The Multicultural Origins Of The Torta Sandwich

If you go looking for torta recipes online, you're likely to find quite a variety. These range from Italian cakes such as the flourless chocolate torta Caprese to savory Italian pies like the torta rustica as well as Mexican desserts including the almond-flavored torta de cielo and rum-soaked torta borracha. If you're a food truck habitué, however, the torta you're probably most familiar with is a kind of Mexican sandwich that, like many other types of Mexican food, shows influences from other cultures that have colonized this now-independent nation.

The torta sandwich as we now know it is a product of Puebla, a part of Mexico that was once under French control. In fact, the Battle of Puebla (which was famously fought on the 5th of May) was fought to shake off the French yoke, albeit temporarily. For this reason, tortas, as well as anything made with that famous Pueblan condiment mole poblano, are a dish well-suited to any Cinco de Mayo celebration.

The French influence is seen in the bread

What sets tortas apart from many other Mexican food truck favorites is the fact that the filling is sandwiched between two sides of a bread bun — this stands in contrast to the corn or flour tortillas used in dishes such as tacos, burritos, and enchiladas. Tortillas, which are one of the world's most popular flatbreads, date back to ancient times, but yeast breads arrived in Mexico with the French Intervention of the mid-19th century.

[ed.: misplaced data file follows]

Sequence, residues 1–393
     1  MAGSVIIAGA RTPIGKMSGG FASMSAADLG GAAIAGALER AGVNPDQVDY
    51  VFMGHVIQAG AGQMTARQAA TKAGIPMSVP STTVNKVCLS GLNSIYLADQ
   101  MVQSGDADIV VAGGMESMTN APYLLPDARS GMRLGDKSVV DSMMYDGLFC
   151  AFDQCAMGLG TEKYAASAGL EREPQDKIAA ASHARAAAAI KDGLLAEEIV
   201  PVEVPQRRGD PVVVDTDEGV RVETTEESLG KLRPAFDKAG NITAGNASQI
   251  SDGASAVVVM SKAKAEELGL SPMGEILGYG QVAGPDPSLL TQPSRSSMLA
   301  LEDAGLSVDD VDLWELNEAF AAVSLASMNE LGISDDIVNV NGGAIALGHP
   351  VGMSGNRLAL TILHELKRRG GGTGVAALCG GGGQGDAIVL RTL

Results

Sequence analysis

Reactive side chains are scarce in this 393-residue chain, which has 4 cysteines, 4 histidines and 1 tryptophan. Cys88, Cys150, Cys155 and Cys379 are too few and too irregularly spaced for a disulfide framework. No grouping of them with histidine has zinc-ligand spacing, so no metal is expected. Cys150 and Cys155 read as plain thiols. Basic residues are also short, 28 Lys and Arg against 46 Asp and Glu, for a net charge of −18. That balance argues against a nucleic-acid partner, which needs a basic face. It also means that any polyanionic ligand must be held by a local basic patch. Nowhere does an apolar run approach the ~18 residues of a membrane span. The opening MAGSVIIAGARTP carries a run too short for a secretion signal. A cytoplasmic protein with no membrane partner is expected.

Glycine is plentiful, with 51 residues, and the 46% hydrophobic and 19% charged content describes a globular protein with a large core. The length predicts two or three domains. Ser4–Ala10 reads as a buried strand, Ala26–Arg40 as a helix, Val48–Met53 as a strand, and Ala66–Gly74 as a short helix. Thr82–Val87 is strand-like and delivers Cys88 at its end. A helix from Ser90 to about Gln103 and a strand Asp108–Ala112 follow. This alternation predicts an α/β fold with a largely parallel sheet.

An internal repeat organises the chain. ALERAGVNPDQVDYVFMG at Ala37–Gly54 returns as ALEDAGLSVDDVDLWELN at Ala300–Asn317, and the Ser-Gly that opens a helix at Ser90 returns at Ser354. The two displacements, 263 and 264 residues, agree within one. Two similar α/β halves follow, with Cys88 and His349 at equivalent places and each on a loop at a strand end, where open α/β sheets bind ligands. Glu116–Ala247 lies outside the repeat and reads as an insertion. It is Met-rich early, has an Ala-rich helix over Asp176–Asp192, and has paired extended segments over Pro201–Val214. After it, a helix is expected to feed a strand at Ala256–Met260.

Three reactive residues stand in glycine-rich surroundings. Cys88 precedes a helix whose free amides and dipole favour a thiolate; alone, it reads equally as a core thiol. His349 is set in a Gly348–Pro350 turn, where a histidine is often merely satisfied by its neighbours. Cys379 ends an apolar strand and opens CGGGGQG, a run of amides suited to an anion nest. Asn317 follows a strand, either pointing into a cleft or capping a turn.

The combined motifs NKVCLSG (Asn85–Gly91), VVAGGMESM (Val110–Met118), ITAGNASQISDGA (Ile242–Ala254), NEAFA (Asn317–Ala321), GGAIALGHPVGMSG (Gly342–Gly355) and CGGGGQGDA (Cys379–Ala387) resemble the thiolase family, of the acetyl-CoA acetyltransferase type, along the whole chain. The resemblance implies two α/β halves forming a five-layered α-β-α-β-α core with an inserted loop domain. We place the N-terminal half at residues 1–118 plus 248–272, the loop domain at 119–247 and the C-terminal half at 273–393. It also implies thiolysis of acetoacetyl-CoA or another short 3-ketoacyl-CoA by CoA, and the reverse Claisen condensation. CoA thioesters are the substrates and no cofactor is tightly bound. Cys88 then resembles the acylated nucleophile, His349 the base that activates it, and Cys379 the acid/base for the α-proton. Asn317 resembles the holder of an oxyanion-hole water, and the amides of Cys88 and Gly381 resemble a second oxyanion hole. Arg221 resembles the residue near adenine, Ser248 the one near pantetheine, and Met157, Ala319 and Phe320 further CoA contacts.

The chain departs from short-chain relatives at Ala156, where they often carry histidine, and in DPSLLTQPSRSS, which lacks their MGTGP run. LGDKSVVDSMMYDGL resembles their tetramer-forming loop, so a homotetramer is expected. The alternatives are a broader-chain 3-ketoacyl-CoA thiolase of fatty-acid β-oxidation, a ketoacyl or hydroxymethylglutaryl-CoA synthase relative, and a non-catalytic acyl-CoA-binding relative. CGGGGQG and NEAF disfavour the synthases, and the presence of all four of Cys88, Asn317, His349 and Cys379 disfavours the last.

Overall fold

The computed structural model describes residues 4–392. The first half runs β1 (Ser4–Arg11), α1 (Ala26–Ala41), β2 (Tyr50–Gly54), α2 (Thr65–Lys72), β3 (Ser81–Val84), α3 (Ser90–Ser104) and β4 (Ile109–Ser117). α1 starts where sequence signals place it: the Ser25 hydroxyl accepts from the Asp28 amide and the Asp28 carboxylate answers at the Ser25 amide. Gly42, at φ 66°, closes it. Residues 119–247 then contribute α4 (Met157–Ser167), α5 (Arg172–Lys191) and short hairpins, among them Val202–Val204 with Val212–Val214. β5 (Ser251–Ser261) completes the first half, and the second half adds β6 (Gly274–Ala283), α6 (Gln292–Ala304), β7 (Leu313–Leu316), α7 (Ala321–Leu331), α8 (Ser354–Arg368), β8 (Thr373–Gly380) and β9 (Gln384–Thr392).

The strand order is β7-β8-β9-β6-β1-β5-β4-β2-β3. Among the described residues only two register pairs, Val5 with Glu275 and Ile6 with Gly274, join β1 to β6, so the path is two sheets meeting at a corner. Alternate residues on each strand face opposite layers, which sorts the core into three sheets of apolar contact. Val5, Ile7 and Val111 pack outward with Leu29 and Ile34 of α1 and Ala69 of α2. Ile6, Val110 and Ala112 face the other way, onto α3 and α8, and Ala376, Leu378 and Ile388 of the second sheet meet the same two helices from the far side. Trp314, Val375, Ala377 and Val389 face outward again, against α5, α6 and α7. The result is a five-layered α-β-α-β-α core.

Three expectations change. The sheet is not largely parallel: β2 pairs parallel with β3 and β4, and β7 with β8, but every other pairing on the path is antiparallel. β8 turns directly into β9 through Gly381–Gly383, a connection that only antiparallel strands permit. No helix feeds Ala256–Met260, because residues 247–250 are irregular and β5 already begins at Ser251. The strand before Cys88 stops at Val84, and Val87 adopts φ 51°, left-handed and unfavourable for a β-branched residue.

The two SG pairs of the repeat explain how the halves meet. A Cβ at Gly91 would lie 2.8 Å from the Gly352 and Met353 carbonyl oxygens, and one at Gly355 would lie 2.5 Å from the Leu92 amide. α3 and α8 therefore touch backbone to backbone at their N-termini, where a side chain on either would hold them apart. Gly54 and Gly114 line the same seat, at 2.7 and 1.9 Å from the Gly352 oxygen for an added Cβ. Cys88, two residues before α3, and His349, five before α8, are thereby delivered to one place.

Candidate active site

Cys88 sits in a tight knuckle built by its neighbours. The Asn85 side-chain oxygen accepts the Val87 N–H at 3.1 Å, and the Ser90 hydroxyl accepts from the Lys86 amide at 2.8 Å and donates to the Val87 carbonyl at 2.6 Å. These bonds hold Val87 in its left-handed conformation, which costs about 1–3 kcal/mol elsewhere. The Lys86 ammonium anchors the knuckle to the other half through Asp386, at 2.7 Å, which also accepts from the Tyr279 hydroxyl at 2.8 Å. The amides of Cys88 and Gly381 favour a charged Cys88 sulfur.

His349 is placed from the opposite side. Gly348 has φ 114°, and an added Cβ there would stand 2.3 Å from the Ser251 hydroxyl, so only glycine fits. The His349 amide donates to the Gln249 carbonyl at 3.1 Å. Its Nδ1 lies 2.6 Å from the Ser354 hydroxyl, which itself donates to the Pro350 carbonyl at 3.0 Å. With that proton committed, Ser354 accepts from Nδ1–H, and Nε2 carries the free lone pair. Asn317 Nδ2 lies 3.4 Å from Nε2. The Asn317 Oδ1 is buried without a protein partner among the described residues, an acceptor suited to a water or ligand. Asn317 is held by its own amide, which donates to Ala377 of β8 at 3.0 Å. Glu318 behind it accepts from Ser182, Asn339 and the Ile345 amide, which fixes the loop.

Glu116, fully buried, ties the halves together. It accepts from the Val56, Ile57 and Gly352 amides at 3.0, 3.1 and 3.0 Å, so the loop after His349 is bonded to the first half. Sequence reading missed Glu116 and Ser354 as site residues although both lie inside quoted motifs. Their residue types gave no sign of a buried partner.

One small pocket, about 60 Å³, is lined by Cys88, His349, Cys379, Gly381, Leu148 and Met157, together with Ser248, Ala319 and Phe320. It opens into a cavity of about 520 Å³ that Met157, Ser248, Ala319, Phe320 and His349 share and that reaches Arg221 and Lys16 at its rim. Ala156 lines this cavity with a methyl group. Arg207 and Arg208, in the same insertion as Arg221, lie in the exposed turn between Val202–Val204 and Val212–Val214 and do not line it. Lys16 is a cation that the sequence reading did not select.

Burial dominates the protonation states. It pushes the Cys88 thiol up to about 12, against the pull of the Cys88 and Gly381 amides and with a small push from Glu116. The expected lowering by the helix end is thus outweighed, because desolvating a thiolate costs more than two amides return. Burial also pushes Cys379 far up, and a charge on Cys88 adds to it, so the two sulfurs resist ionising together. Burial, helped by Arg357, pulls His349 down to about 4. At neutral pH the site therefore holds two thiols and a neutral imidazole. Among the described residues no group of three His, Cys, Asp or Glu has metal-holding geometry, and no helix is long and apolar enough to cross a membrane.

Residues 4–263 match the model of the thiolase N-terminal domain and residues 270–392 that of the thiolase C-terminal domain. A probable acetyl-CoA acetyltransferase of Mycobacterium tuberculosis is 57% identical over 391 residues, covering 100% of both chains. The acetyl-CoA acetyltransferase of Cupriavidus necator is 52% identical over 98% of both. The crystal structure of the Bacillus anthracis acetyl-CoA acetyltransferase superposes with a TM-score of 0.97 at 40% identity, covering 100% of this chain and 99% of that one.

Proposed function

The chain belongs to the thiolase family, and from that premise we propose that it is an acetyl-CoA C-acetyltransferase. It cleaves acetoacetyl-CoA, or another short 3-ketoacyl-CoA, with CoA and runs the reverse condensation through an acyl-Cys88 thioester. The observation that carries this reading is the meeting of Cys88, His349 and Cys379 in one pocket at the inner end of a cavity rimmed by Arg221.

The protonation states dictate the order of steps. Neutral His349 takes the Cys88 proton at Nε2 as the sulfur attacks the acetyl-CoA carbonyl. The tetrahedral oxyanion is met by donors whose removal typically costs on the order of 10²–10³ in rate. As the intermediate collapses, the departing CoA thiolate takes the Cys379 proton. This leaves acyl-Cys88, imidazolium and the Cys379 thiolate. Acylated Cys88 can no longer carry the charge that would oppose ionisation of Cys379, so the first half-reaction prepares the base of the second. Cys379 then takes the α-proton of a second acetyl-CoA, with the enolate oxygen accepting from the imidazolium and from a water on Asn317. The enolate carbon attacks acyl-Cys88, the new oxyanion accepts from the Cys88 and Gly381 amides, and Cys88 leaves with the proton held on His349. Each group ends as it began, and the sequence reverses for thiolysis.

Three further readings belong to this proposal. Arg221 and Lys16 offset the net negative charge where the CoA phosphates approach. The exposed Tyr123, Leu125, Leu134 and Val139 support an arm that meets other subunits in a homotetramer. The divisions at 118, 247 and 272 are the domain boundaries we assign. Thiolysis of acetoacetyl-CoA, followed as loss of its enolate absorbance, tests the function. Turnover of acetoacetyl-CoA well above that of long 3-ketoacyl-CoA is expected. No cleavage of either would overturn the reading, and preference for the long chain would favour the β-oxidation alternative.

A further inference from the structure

Some of the earliest tortas may have involved taking French-style baguettes and stuffing them with whatever sandwich fillings were available. Today's tortas may also be made with baguettes, but softer, smaller bolillo or telera rolls are more common. If you'd like to try your hand at a homemade torta (here's a recipe to get you started), kaiser or sub rolls will also work just fine.

As for the fillings, these don't necessarily show much of a French influence, unless you count ham and cheese. You might also find tortas similar to Cuban sandwiches, Philly cheese steaks, or even ham, mozzarella, and pineapple tortas reminiscent of Hawaiian pizza. You can also find some interesting mashups like the torta tamalona, which involves taking a couple of tamales (de-husked, one hopes) and sticking them between two buns. For the most part, thick bread rolls stand up to even these sloppier fillings. However, the salsa-smothered Guadalajaran torta ahogada, whose name literally means "drowned," is only for squishy sandwich fans.